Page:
Publication: Reclaiming spaces: family inclusive urban design
Following the current trend of global urbanisation and the growing attraction of cities for families with children, urban environments are becoming principal contexts wherein new generation of children will thrive and grow. Though cities were traditionally designed for adults and cars and not children, Zukin (2010) observes an ongoing shift in her book ‘The Naked City’. She notes that through gentrification Western cities are experiencing a revaluation of streetscapes through commercial and cultural activities. Boterman and Karsten (2015) have titled this ongoing urban transition as ‘the march of city families worldwide’. Examples can be found world-over, in European cities like Paris, Berlin, the Scandinavian capitals and London (Authier & Lehman-Frisch, 2012; Butler, 2003; Karsten, 2013; Lilius, 2014). Not restricted to the west, examples can also be found in countries that are on the rise like India where 41.2 million children under the age of six live in urban spaces. An increase of children in cities comes with rising analytical and policy interest for families with children in urban environments through child friendly cities, and in children’s geographies.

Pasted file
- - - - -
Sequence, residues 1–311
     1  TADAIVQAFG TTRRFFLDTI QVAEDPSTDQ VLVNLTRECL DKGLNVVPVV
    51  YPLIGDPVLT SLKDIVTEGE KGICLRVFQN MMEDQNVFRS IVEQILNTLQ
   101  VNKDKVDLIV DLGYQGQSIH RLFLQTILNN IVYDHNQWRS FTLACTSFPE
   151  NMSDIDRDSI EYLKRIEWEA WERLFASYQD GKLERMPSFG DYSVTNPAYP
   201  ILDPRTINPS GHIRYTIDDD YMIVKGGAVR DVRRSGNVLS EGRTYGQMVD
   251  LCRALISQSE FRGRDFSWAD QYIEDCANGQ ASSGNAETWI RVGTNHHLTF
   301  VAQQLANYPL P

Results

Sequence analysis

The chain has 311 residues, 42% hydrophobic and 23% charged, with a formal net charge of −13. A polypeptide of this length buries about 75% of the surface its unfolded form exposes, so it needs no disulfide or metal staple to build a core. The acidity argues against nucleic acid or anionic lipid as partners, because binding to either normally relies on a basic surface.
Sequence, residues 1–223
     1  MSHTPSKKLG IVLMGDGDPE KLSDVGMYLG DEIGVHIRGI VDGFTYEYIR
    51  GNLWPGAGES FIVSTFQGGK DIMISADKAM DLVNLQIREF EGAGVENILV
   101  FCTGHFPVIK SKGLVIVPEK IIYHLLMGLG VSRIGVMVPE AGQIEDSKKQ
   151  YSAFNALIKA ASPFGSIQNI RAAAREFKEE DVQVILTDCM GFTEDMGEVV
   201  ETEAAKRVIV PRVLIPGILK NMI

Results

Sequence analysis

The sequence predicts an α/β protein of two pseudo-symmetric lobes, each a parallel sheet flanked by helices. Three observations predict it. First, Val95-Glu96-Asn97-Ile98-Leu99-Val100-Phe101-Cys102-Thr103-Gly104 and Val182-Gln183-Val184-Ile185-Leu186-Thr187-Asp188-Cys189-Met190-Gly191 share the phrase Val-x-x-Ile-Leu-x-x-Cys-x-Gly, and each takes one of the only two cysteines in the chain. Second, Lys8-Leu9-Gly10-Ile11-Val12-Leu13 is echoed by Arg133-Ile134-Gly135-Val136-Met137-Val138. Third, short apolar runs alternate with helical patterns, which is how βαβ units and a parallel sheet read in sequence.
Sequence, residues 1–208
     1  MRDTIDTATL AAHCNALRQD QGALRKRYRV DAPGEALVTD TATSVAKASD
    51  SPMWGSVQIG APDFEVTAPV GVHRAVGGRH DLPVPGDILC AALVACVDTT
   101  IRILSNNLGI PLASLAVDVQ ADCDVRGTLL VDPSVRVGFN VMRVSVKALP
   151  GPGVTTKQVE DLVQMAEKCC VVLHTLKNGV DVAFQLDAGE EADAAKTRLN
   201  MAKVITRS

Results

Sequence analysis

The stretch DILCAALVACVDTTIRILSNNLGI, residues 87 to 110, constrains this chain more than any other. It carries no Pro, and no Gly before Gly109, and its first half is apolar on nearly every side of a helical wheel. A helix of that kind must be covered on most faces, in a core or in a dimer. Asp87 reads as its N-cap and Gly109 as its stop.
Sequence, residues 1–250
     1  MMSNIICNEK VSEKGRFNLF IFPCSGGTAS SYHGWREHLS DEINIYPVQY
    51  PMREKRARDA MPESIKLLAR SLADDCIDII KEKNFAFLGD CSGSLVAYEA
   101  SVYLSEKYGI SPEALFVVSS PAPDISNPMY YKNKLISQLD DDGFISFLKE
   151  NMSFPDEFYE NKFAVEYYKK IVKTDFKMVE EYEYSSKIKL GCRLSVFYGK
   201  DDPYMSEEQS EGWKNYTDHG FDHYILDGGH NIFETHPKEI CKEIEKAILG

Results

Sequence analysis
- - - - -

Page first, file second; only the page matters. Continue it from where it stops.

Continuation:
Book of proceedings: Annual AESOP Congress, Spaces of Dialog for Places of Dignity, Lisbon, 11-14th July, 2017
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